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Is Lloyd Blankfein a Liar?

Posted by Larry Doyle on November 18, 2009 3:45 PM |

Yesterday I wrote “Just How Sorry Is Goldman Sachs?” in response to a blanket, unspecified, and unsolicited apology put forth by Goldman Sachs CEO Lloyd Blankfein. In my commentary, I asserted:

Wait a second. Blankfein admits that Goldman participated in activities that led to the crisis? Get Lloyd back in here and ask him for specifics.

In an attempt to probe as to Goldman’s culpability, I inquired:

What do you think Blankfein was referring to when he stated that Goldman “participated in things that were clearly wrong”? I’ll get the ball rolling with a few possibilities:

1. Manipulated the equity markets via computer programs connected with high frequency trading.

2. Ran over Tim Geithner in the settlement of open positions with AIG.

3. Facilitated insider trading on behalf of hedge funds.

4. Intentionally misled lesser prioritized clients via trading huddles.

5. Abused privileged information provided by former Goldman execs now in government positions.

6. All of the above.

7. Other . . . please share your opinions.

Today we learn the answer is most likely choice # 2. It appears that Lloyd Blankfein would like forgiveness for the aggressive posture it took with Uncle Sam in the process of settling its exposure with AIG. Recall that Blankfein has repeatedly asserted that whether AIG went down or not was not meaningful to Goldman Sachs because Goldman had secured collateral from AIG to cover its exposure.

Does Lloyd regret making those strong and bold assertions? Is he apologizing for these statements? Why would he apologize? Did he intentionally misrepresent Goldman’s position? Did he lie? Today’s Wall Street Journal provides compelling evidence that he did just that. The WSJ writes, Report Rebuts Goldman Claim on AIG:

For more than a year, Goldman Sachs Group Inc. has maintained that it wouldn’t have suffered material losses had the government allowed one of its major trading partners, American International Group Inc., to collapse.

A government report throws cold water on that claim.

Goldman was among the largest beneficiaries of a decision by the Federal Reserve Bank of New York to bail out insurer AIG in September 2008 at the height of the financial crisis. The Fed agreed to pay Goldman and 15 other banks, in full, for $62 billion of insurance contracts they had with AIG to protect against price drops of mortgage securities they held.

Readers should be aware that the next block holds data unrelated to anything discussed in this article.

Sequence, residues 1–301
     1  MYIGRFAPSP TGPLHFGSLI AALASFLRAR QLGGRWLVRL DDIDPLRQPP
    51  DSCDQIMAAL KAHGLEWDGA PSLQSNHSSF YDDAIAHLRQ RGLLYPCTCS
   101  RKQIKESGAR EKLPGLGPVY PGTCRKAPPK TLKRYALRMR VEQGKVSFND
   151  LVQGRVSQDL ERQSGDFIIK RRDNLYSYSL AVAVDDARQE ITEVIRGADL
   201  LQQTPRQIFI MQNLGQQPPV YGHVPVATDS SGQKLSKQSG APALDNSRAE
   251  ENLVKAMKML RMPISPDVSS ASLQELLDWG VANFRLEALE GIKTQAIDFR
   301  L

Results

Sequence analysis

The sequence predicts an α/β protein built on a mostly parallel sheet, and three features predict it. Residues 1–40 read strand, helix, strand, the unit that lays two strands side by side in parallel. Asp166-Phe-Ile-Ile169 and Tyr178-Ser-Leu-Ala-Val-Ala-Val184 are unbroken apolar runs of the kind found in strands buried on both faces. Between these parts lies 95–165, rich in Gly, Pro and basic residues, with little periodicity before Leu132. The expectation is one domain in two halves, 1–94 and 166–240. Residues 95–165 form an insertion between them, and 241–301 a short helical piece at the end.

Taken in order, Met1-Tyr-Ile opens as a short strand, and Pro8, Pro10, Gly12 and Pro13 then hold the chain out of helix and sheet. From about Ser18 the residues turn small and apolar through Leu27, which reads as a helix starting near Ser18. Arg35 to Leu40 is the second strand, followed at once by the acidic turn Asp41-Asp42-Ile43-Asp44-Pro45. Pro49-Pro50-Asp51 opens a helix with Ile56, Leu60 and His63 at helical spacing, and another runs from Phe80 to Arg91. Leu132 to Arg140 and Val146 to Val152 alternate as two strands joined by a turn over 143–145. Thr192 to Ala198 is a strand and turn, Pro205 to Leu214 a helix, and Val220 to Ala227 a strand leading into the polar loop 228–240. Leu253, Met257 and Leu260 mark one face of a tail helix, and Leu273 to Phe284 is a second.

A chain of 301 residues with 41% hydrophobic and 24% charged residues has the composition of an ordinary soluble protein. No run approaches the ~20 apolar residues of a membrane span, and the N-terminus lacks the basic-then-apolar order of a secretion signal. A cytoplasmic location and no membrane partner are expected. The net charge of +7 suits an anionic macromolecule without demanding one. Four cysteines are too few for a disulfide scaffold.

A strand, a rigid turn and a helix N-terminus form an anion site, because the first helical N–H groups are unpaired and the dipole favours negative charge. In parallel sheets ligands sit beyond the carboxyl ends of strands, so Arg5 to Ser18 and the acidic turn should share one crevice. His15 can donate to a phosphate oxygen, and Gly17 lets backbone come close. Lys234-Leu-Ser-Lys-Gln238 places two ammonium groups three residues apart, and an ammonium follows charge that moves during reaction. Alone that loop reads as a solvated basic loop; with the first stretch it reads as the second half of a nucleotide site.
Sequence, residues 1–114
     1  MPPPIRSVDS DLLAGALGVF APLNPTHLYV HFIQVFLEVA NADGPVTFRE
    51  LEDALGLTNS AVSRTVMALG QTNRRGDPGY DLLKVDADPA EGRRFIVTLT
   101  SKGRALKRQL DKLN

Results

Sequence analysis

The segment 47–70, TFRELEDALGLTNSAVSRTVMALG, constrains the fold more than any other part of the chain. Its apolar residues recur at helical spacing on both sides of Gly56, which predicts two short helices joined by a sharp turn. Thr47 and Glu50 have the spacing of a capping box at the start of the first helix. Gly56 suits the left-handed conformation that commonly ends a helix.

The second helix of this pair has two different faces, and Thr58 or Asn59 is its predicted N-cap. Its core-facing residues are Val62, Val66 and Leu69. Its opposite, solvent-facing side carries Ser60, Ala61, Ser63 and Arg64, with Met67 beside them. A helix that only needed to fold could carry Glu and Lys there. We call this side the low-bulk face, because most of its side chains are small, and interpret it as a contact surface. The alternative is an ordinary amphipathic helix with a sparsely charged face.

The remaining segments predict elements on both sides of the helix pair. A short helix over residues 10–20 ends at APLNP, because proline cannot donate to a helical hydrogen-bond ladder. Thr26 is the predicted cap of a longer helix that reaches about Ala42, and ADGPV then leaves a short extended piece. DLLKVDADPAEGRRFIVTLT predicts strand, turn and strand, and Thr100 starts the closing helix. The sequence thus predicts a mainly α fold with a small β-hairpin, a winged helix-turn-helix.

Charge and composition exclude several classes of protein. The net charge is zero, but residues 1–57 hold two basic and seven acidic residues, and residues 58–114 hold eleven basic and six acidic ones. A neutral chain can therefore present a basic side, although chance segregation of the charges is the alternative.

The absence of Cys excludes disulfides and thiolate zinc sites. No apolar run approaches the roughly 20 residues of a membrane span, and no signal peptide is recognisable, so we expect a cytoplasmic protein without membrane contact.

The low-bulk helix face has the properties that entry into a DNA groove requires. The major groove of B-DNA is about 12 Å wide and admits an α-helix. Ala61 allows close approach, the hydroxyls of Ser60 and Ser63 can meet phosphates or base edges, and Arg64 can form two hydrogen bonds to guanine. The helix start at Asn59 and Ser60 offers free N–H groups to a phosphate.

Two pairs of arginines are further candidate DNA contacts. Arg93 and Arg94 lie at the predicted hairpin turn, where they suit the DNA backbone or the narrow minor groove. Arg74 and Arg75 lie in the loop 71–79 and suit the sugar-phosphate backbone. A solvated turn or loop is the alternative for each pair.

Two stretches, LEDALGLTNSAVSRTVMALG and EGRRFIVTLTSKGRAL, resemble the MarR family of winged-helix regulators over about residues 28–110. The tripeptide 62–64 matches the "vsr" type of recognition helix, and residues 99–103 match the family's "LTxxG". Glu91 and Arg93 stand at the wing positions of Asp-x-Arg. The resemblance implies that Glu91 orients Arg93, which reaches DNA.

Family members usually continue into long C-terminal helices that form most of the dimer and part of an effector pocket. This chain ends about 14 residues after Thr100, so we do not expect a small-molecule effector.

The report, issued this week by the special inspector general for the Troubled Asset Relief Program, comes amid controversy over whether the government unfairly helped out big banks in its bailout of AIG. The government auditor’s report broadly found that the New York Fed left itself little room in negotiating with the banks for a better deal for taxpayers.

Goldman’s trading position with AIG centered on $22.1 billion of such insurance the firm had purchased from AIG. In a separate series of trades, Goldman itself had sold protection against losses on the same securities to other trading firms.

The problem for Goldman: If AIG collapsed and markets continued to swoon, Goldman would have had to make payments to the other trading firms and been unable to collect on protection it had bought from AIG.

While spokesmen for Goldman may try to spin Blankfein’s previous statements of Goldman being hedged against an AIG default, it does not take a brain surgeon to tie Blankfein’s apology yesterday to this story today. Professional courtesy in the financial industry compels journalists to share articles, especially negative coverage, with selected parties prior to its release.

Do not think for a second that Blankfein was not aware of this article in today’s WSJ. While some within the industry may look at Blankfein’s statements about Goldman being protected from an AIG default as some semblance of harmless obfuscation, from where I come, we call it lying.

Goldman took the American taxpayer to the hoop in the process. When does Blankfein want to make proper restitution? Keep your apology. Give the taxpayer their money back. Get Geithner in here as well, as he facilitated this transfer and allowed the lie to perpetuate.

If Blankfein lied about this situation, the question begs as to what other lies or half-truths he has spoken.

What do you think?


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